Transaction Costs Economics: Some Problems

Our starting point is the important claim of TCE that "in the beginning there were markets." This is the explicit assumption of Coase and can be seen in a quotation from Williamson [1975, 20]. However, this claim need not be true. It depends on the definition of the market and the firm and also on the context and timing, whether we refer to a particular historical context or to the first emergence of firms (and markets). Let us clarify by using Coase as an example.

For Coase, markets differ from firms in that the former rely on voluntary transactions between individuals, while the latter count on the authority of one party over the other, namely, the entrepreneur over the laborer. This is one (arguably narrow) definition of a firm. One can define a firm as a single producer or as a family or friends (partners) cooperatively involved in production. The firm need not be a multiple person hierarchy, which the Coasean firm is.(1) Logically, one could argue that firms (or organizations) precede the market as firms produce while markets may not. Moreover, it could be questioned whether, historically, markets or hierarchies (families, states) appeared first. All of these criticisms are standard in the literature and are by no means original [Pitelis 1993]. They highlight the point that the Coasean firm is only one of many possible definitions of the firm.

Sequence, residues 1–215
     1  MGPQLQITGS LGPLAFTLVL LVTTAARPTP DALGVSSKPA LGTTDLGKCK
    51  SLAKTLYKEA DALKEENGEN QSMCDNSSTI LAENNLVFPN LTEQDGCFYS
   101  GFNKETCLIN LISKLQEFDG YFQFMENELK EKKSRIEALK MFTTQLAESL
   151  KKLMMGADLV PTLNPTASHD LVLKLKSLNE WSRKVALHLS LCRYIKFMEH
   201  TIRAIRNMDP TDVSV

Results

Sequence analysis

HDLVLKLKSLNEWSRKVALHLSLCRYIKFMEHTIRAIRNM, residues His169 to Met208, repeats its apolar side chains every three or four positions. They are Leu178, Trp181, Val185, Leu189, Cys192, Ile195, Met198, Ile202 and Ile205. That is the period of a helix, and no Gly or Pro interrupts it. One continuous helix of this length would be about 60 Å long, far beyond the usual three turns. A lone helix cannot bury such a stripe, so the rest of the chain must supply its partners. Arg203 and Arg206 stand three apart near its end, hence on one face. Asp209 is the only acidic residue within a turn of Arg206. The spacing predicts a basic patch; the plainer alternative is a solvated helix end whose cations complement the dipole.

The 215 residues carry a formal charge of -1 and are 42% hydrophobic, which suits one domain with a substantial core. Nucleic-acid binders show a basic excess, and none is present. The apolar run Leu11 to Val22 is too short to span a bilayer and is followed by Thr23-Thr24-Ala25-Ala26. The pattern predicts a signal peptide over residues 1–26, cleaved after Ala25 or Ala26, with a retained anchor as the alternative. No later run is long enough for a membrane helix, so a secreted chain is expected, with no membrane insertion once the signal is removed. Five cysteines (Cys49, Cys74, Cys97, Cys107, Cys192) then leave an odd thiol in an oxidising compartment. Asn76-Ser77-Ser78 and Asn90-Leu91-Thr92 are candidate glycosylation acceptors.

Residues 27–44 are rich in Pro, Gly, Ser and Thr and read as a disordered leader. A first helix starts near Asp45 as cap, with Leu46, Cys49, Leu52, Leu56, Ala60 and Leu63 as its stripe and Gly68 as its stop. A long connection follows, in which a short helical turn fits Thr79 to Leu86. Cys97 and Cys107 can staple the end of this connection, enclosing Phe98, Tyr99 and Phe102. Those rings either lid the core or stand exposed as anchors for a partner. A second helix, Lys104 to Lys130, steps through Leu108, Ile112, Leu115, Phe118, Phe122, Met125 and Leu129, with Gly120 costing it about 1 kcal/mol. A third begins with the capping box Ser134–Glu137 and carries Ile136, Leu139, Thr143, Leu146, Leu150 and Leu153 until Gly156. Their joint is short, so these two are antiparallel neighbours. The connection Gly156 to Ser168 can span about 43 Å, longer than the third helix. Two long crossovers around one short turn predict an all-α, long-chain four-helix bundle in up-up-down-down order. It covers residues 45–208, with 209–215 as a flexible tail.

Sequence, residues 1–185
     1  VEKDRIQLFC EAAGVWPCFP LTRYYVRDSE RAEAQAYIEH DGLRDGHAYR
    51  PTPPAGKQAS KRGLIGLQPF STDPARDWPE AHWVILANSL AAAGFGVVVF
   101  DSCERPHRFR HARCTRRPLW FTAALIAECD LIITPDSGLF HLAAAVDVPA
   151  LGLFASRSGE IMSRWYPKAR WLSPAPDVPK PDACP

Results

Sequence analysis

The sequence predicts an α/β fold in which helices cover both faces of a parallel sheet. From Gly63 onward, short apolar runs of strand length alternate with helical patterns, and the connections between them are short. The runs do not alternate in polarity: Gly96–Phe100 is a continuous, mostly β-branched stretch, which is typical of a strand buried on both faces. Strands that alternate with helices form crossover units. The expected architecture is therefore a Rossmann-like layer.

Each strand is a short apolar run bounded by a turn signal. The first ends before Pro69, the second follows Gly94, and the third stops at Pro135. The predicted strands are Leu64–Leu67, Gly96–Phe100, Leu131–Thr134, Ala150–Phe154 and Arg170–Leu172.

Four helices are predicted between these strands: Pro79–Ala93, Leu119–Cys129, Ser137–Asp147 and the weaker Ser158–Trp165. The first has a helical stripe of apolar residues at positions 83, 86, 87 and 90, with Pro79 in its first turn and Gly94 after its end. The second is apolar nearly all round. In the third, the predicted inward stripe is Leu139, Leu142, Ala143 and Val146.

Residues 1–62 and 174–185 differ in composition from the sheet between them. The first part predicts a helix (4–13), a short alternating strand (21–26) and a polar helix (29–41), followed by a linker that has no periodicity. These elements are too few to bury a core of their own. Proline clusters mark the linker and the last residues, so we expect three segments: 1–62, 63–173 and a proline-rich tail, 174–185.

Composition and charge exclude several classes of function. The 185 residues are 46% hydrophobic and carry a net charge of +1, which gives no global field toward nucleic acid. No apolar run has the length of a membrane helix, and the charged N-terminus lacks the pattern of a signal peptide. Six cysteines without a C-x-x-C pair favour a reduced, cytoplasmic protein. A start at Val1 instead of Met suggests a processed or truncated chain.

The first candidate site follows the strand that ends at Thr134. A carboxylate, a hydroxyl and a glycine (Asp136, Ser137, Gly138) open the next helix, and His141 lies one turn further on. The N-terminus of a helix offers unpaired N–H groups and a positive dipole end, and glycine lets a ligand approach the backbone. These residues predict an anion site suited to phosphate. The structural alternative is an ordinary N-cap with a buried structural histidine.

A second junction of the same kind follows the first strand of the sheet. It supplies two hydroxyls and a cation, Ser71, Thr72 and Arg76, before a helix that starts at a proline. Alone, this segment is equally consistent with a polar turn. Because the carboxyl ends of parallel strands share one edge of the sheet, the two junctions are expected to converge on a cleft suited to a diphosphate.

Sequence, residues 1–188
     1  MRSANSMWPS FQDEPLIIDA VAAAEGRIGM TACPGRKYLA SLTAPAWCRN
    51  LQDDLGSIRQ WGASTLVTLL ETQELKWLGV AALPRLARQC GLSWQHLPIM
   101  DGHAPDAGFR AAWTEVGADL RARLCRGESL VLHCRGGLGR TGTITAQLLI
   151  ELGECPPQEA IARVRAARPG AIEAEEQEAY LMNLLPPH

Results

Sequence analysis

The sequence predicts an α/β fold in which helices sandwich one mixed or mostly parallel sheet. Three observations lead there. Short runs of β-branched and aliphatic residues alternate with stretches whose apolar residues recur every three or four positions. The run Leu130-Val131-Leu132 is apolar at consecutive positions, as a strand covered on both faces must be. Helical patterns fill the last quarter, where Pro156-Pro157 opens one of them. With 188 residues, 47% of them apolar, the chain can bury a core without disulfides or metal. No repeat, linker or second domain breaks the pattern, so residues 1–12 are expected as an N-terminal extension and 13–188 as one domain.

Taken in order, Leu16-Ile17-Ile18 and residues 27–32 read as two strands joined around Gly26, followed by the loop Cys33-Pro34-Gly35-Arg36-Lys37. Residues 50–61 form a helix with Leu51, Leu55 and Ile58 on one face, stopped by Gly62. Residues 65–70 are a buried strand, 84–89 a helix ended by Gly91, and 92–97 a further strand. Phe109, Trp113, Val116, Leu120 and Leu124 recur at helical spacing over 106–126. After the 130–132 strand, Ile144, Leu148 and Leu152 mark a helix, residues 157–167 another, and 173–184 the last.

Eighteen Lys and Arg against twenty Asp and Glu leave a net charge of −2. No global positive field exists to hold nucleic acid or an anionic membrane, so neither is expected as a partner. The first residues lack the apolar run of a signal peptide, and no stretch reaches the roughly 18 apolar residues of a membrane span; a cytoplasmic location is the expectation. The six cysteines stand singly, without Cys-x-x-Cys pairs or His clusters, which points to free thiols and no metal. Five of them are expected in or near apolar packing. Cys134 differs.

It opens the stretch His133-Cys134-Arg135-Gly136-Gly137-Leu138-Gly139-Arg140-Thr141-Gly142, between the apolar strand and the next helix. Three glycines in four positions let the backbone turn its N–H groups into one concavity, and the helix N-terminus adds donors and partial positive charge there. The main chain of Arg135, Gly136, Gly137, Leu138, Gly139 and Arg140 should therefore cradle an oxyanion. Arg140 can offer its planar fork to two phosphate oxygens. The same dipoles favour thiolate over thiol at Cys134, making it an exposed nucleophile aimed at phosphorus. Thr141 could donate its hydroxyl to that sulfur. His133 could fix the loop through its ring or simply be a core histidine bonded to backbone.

Suppose, however, that we accept the Coasean definition. The question then becomes the context and timing one chooses for the beginning. Is it the beginning of a particular historical period or of life in general? …

The rest of this article is only available to active members of Questia

Already a member? Log in now.

Notes for this article

Add a new note
If you are trying to select text to create highlights or citations, remember that you must now click or tap on the first word, and then click or tap on the last word.
One moment ...
Default project is now your active project.
Project items

Items saved from this article

This article has been saved
Highlights (0)
Some of your highlights are legacy items.

Highlights saved before July 30, 2012 will not be displayed on their respective source pages.

You can easily re-create the highlights by opening the book page or article, selecting the text, and clicking “Highlight.”

Citations (0)
Some of your citations are legacy items.

Any citation created before July 30, 2012 will labeled as a “Cited page.” New citations will be saved as cited passages, pages or articles.